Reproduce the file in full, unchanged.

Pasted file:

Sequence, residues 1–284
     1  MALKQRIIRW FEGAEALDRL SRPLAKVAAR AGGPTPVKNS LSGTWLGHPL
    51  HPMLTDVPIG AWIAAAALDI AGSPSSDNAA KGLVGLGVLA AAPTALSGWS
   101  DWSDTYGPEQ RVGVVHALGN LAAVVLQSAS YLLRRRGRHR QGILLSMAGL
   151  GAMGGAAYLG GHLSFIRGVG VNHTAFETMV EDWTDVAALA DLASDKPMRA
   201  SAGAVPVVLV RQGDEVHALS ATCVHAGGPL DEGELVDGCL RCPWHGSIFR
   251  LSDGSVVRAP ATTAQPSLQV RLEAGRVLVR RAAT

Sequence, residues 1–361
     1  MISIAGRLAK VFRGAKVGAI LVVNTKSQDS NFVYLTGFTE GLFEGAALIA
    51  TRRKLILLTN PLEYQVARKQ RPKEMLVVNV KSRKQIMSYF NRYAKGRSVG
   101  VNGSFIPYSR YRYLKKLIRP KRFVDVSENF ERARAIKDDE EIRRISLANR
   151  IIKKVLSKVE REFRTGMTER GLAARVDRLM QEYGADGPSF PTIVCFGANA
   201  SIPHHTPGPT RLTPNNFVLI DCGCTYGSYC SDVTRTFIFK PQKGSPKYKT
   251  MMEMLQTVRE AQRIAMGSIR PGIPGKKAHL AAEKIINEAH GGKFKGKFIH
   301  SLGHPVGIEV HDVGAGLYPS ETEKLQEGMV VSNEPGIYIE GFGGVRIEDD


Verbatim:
Sequence, residues 1–284
     1  MALKQRIIRW FEGAEALDRL SRPLAKVAAR AGGPTPVKNS LSGTWLGHPL
    51  HPMLTDVPIG AWIAAAALDI AGSPSSDNAA KGLVGLGVLA AAPTALSGWS
   101  DWSDTYGPEQ RVGVVHALGN LAAVVLQSAS YLLRRRGRHR QGILLSMAGL
   151  GAMGGAAYLG GHLSFIRGVG VNHTAFETMV EDWTDVAALA DLASDKPMRA
   201  SAGAVPVVLV RQGDEVHALS ATCVHAGGPL DEGELVDGCL RCPWHGSIFR
   251  LSDGSVVRAP ATTAQPSLQV RLEAGRVLVR RAAT

Sequence, residues 1–361
     1  MISIAGRLAK VFRGAKVGAI LVVNTKSQDS NFVYLTGFTE GLFEGAALIA
    51  TRRKLILLTN PLEYQVARKQ RPKEMLVVNV KSRKQIMSYF NRYAKGRSVG
   101  VNGSFIPYSR YRYLKKLIRP KRFVDVSENF ERARAIKDDE EIRRISLANR
   151  IIKKVLSKVE REFRTGMTER GLAARVDRLM QEYGADGPSF PTIVCFGANA
   201  SIPHHTPGPT RLTPNNFVLI DCGCTYGSYC SDVTRTFIFK PQKGSPKYKT
   251  MMEMLQTVRE AQRIAMGSIR PGIPGKKAHL AAEKIINEAH GGKFKGKFIH
   301  SLGHPVGIEV HDVGAGLYPS ETEKLQEGMV VSNEPGIYIE GFGGVRIEDD